Just imagine ... Indians, Chinese, French and Creoles have contributed their style and spices to Mauritian food history and culture. Each community has borrowed, exchanged and mixed their traditional ingredients.
Street food is healthy and delicious! It costs a few rupees to sample all types of exotic Mauritian food: finger food, pineapple slices with chili (!) sauce, fried noodles, Indian type snacks...
The most famous Mauritius food - Her name is ‘dholl puri’ or ‘dhal poori’. Imagine a thin soft pancake made with grounded yellow split pea flour filled with all sorts of tasty goodies. Bean curry, wild herbs, sweet tomatoes …
Eat smart, eat cheap: - when you need a snack! Get to the local eateries or street stalls. Don’t worry about its quality as it is freshly cooked.
Being a tropical region, Mauritius is famous for its tempting seafood. Must try is sea-based treats that include crab curry, vindaye ourite (octopus), fried squid, and vindaye poisson (fish). Mobile food shops on various beaches sell vegetarian samosas which are called “samoussa legume” in Mauritius and “masala vada” is a southern India spicy fritter labeled as “gateau piment”.
Most hotels and resorts do also have a great range of International meat dishes, including Steak, Lamb & Pork as well as some of the best fish and seafood you will get anywhere.
Like elsewhere fast food restaurants are popular with the younger generation.
Out and about – It’s a lovely island, get out and see it!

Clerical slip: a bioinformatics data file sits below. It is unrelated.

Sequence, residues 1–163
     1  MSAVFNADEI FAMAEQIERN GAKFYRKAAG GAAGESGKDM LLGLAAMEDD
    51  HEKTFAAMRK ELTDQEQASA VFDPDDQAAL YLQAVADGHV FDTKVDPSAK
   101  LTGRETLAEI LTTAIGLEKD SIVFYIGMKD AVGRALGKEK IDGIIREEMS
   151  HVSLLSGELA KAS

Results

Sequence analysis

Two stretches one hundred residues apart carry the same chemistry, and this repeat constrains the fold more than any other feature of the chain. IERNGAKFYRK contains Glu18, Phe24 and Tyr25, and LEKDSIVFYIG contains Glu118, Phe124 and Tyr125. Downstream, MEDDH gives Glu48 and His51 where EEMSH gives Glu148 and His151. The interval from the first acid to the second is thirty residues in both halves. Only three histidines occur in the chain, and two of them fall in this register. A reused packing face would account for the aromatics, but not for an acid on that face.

Driving: Cars drive on the left, as long as you have a valid (national) driving license and you’re above 23, you can hire a car and open up a completely different experience one this lovely island. Mauritius has only one highway. The highway starts from the airport situated in the South East of the Island and ends in the North of the Island at Grand Baie. ... However, it should be noted that the roads are not paved and that both people and animals may be using the roads as well.
Prices vary on vehicle size and location but are roughly £70-£90 pounds a day, please note it is strictly illegal to use a hand-held mobile phone when driving.
Not keen on driving: If you don't fancy driving yourself but still want to expolre ask at your hotel and they will be able to organise a driver and car for anything from a few hours to a full day, and by organising through the hotel they will be safe and trustworthy and they will take you where you want to go as well as making some suggestions of their own.
Trust only guides: Do not fall for taxi drivers claiming to take you to ‘pristine beaches with golden sands’ and the likes. This is a major tourist trap as these taxi drivers not only charge exorbitantly but are also paid to get travellers to not-so-touristy-places. AVOID! Stick with your travel guide.